When you have debt, it seems like it is all you think about.
I’m here to teach you my three favourite methods, and also the ones that I prefer and have used with my debts in our family.
Then of course it is up to you to put it into action and take control of your money.
These methods that I describe I’ve actually used with my own debt of £22k credit card debt, which you can read all about here.
Debt consolidation on my own terms was the method I used – we pay off all debts in one lump sum loan arranged ourselves and then paid off the loan completely. This certainly won’t be an option for everyone, and depends on whether this option is available to you and how much debt you are currently in – but for us it worked and worked quickly.
We ended up paying off that loan within 3 years rather than the projected 5 years, and a great motivational tool to throw money at the loan to clear it.
Debt consolidation loans arranged by third parties may seem like a good idea, but sometimes there is a fair amount of hidden fees that you are paying for the privilege of – so that is why I recommend the below debt repayment options so you are not taken advantage of.
// Debt Management – Never make just the minimum payments if you can
The tricky part of debt is that when you sign up for it you don’t really imagine what you are signing up for.
When the bank manager tells you it is 25 years on a mortgage, you only really listen to the “monthly amount” and then switch off.
But as we all know, the bank and credit card companies make their money from you by hoping you will have that debt for as long as possible, so they can keep charging interest payments to the amount outstanding.
It is well-known that if you only made the suggested minimum payments on credit cards, it might even take you up to 25-30 years to pay off the original one time debt.
That is insane!
Only get into debt for things that truly matter.
Personally I see that as being your education and your home, then everything else should be cash-flowed (save aside money and then spend it). The pain of not having the item temporarily will be far less than the pain of debt on your shoulders to pay off monthly.
Never use credit cards to make it through the end of the month if you can, as you need a plan if an emergency should happen and you are stuck for those payments head.
Commit to never paying just the minimum payment, as this will be you only usually paying off the interest charge and nothing else.
// Know exactly how big your debt is at all times
This may be the hardest part and most painful but you will need to do it and face facts with any credit card debt.
Start a spreadsheet or write down all the locations you believe you have debt and write down the exact amounts required to close the credit cards or loans down completely.
You may need to phone companies or credit cards and tell them you are working to pay back the debt fully. Do not let them give you further credit of course, it is time to get rid of it only.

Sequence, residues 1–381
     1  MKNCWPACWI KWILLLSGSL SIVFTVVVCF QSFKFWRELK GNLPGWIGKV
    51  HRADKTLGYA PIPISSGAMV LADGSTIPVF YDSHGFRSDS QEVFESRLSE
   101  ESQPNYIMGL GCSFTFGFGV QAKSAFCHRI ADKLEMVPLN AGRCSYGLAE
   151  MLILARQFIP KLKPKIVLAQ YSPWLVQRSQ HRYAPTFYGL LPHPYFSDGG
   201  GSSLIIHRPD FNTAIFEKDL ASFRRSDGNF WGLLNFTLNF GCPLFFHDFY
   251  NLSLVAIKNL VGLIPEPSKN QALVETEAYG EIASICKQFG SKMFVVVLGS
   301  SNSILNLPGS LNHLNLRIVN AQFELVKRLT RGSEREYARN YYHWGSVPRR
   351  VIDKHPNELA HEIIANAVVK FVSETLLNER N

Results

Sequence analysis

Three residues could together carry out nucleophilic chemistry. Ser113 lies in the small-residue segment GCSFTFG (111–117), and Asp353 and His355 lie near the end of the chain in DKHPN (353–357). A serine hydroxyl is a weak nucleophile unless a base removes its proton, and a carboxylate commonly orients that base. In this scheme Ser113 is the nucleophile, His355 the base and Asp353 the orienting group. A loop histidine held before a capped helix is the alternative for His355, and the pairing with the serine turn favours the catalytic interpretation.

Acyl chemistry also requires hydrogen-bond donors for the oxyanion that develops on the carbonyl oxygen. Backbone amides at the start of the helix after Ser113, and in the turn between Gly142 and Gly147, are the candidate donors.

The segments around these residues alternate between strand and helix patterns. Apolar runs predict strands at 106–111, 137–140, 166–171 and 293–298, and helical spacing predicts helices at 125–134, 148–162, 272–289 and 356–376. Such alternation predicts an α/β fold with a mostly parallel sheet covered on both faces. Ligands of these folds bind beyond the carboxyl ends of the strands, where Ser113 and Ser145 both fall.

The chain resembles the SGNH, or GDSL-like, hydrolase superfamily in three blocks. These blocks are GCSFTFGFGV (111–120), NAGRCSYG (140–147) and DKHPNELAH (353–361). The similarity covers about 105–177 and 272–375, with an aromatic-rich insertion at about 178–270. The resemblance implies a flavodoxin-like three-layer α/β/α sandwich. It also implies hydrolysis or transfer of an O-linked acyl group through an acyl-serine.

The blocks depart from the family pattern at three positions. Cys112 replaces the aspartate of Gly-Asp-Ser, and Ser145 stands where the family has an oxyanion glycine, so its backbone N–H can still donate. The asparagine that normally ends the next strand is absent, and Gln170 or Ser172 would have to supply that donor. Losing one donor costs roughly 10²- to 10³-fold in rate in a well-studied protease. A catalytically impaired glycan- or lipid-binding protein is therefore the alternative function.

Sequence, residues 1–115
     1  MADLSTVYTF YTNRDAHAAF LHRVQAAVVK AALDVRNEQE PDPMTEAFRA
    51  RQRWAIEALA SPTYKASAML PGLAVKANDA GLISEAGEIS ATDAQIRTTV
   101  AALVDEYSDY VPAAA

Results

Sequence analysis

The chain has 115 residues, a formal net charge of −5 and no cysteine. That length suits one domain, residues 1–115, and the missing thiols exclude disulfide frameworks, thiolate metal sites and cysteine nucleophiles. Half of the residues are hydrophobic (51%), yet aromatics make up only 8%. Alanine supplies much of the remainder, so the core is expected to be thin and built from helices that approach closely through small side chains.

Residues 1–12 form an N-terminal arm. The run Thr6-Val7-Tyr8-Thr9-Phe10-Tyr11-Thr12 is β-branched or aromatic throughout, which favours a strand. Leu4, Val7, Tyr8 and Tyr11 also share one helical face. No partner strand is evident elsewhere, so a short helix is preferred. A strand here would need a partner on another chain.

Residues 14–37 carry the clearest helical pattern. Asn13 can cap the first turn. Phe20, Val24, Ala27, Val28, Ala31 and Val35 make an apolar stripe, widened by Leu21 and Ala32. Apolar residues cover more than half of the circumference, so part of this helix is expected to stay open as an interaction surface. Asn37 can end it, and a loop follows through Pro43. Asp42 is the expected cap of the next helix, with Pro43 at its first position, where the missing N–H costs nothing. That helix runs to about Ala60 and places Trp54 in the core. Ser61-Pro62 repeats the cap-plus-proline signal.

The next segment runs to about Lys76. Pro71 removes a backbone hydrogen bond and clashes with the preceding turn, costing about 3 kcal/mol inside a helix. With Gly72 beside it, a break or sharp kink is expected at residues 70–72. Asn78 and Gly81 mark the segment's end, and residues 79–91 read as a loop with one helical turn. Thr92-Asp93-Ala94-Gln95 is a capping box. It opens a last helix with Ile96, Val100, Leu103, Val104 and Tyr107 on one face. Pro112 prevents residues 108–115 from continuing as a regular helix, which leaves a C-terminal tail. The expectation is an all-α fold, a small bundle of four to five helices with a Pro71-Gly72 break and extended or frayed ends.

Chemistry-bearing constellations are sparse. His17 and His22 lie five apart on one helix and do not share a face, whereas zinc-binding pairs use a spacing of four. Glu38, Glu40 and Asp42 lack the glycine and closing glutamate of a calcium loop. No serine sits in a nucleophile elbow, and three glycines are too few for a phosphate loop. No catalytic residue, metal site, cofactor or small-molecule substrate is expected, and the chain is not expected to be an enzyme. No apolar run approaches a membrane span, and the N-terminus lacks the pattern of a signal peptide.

Find out at this point from the companies what are the absolute minimum payments you need to make each month and write those down on your notepad or spreadsheet.
I understand the struggle of this stage and making the mindset to get out of debt – and that’s why I created a spreadsheet that will change your financial future.
It is called the AutoPilot Money system, and you can download here on my website or on my Etsy store.
// Know your current state of spending and debt, and create a new plan
Now we have faced the pain of what we owe, even if that is just a home and/education left, we have to know our current state of spending habits so we can then change it to what we want to achieve and hit our financial goals.
For example, using my AutoPilot Money spreadsheet you can have one location to write down your full budget and see any problem areas at a glance.
Look at your past three months of spending patterns on your current account and credit cards.
If your income is less than your outgoings – you have a problem to solve regardless of how much you earn!
Your outgoings will be your downfall unless you change it today!
For example, the first time you do your current spending you might not like the amounts you see written down.
You might be spending WAY too much on eating out, or on clothes and luxuries.
Next then it is time to squeeze that spending report (budget) to what you want to achieve and see.
BE HONEST WITH YOURSELF – if your goal is to be debt free as quickly as possible YOU NEED TO STRIPE BACK YOUR PLANNED SPENDING MOVING FORWARD AS MUCH AS POSSIBLE. It will be short term pain for long term happiness.
You can see exactly your ideal month and how much you are allocating for each of the areas in your life right now, and below is just an basic example (not the ideal by any means).
You can see on this example we have car payments that really we need to look at removing to free up more of our money for things that matter to us for our goals (financial freedom or investing in our future perhaps).